It’s already December. Before long, it will be 2017, but we’ll all still accidentally write 2016. The start of a new year often brings tax changes, and with a new President in 2017, it is likely that there will be even more changes than usual. This article covers 2016 year-end update for individuals. What can we expect for next year?
Actually, most of the tax changes set for 2017 relate to businesses, and there aren’t that many for individuals. Most of the changes from 2016 simply relate either to amounts that have been indexed for inflation, or to tax benefits that are set to expire in 2016. We’ll cover some of the changes that may impact you for 2017 and beyond.
Due Date Changes
There have been a number of due date changes, but most of these apply to entities rather than individuals. Calendar year-end partnerships and S-corporation returns are now due on March 15th, so you may receive K-1s from these entities before the 1040 deadline. The earlier due date might only result in your earlier receipt of a tentative K-1, with a final K-1 sent to you later in the year if the entity extends the tax return.
Individual tax returns are still due on April 15th, unless that day falls on a weekend or a legal holiday. For 2017, April 15th falls on a Saturday, and Monday, April 17th is Emancipation Day in Washington, D.C. Consequently, the 2016 individual tax return due date is Tuesday, April 18th.
If you have any ownership of or signing authority in a foreign bank account(s) or other foreign financial accounts, you may be required to file the Foreign Bank Account Reporting (FBAR) Form Fin Cen 114. The due date for this form has changed from June 30th to April 15th. Unlike the 1040 due date, the due date for this form does not change, even if it falls on a weekend or holiday. There is a 6-month extension available in certain cases, but you should plan to inform us of any foreign bank holdings as soon as possible to ensure that you are not subject to the delinquent filing penalty.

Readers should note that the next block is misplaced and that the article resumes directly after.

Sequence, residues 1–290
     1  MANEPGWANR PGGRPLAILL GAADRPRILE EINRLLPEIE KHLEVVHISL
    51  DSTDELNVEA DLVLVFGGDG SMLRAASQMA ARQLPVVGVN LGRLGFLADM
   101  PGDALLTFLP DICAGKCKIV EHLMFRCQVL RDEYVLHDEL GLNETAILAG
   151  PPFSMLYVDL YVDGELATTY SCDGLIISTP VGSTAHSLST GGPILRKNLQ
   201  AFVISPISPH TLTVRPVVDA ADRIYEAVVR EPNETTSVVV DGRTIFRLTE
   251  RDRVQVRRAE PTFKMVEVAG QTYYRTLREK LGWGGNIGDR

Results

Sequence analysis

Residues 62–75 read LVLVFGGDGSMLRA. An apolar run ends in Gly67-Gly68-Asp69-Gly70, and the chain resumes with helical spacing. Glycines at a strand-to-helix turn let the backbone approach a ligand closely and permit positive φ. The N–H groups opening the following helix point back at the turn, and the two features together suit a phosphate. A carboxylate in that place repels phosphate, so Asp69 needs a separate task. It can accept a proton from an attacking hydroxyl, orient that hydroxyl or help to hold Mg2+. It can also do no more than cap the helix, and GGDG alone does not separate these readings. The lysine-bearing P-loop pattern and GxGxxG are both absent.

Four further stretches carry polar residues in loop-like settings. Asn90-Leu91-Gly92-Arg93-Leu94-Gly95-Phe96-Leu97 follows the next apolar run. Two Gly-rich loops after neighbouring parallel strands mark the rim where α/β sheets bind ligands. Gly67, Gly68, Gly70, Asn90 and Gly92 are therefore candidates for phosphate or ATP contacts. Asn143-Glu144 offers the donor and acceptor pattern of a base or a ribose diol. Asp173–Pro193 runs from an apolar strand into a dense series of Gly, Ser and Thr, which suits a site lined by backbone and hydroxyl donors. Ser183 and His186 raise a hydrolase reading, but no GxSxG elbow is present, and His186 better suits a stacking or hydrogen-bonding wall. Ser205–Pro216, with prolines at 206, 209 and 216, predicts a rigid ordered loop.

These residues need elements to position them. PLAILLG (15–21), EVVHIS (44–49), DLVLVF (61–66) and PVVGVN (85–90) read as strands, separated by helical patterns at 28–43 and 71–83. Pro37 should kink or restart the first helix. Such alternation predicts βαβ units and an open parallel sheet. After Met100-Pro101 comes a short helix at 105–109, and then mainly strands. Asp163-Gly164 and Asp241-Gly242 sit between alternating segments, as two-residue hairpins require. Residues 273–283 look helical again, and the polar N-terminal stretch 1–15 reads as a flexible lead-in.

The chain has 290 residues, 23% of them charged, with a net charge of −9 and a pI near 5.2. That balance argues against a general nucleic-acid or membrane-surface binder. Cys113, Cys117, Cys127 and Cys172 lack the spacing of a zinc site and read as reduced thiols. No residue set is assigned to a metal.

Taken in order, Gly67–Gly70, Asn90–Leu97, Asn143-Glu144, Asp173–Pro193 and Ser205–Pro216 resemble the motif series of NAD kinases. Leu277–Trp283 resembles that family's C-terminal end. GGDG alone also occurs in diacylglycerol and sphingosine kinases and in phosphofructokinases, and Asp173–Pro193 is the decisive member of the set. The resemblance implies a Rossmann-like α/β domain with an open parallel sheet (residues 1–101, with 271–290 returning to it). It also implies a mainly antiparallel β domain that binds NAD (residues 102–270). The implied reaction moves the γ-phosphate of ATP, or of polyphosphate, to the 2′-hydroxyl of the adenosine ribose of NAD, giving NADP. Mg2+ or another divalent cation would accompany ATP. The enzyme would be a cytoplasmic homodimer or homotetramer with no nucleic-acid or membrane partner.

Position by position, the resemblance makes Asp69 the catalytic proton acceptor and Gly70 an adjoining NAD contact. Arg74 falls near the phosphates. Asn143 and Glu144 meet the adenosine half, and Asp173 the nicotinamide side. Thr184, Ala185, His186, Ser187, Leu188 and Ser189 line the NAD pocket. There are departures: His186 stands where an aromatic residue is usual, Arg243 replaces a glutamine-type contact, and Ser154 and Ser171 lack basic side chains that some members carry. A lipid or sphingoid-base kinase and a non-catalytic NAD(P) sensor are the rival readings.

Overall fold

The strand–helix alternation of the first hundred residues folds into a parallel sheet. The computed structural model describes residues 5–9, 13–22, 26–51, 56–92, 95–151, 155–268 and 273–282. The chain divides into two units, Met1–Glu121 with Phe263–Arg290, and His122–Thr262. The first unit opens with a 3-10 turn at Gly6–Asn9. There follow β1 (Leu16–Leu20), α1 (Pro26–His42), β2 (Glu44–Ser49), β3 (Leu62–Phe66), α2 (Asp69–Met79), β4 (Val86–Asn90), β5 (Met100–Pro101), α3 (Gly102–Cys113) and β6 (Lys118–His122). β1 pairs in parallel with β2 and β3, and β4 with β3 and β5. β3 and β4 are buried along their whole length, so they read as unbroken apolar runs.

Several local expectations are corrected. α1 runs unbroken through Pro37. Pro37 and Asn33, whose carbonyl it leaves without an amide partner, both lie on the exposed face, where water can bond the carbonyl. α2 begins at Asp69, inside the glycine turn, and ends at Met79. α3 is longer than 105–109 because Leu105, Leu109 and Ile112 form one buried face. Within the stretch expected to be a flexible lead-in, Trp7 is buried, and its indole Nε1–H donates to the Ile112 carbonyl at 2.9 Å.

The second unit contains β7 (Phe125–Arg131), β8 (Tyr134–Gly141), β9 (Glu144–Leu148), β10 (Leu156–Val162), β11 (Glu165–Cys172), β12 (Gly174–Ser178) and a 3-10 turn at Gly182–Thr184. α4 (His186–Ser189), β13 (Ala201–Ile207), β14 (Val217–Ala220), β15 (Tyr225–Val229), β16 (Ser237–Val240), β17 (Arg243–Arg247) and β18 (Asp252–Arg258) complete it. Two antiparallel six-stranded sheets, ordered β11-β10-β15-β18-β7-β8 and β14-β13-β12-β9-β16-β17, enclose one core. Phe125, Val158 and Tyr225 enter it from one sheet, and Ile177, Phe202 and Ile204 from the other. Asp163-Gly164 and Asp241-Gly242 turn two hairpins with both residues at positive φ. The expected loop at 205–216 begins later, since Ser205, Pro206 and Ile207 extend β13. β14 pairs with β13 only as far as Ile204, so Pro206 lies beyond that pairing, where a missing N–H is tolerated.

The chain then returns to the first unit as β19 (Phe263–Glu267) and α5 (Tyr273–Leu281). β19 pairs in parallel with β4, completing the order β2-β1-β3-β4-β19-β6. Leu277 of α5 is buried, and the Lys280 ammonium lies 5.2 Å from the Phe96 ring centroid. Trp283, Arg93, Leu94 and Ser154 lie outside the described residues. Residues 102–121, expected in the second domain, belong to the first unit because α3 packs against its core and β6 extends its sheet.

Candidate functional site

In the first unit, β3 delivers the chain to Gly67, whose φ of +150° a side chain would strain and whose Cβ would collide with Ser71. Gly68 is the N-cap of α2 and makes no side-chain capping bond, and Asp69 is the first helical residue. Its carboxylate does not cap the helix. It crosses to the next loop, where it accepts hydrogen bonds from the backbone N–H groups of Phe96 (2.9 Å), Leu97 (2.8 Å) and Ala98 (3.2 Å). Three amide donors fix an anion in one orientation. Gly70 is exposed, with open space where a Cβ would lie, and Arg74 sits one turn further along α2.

If Congress does not act in the next few weeks to pass an extender bill, a number of tax breaks will not be available in 2017. Notable among these are the deduction of mortgage insurance premiums as part of mortgage interest deductions and the mortgage loan forgiveness exclusion. Currently mortgage insurance premiums (paid when a home is purchased with a down payment of less than 20%) may be included with mortgage interest deductions if a taxpayer takes itemized deductions. This tax break is eliminated for taxpayers whose adjusted gross income exceeds $109,000 (married filing jointly). If this break is not extended, only actual mortgage interest paid will be allowed to be deducted on your tax return.
While forgiveness of debt is generally includable in income, through the end of 2016 there is an exclusion for taxpayers who meet certain criteria to exclude forgiveness of a mortgage loan from their income. This tax break is not permanent, so if Congress does not extend it for 2017 this exclusion will no longer be available. Consequently, taxpayers will need to include forgiveness of a mortgage in their calculation of income.
Deductibility of Medical Expenses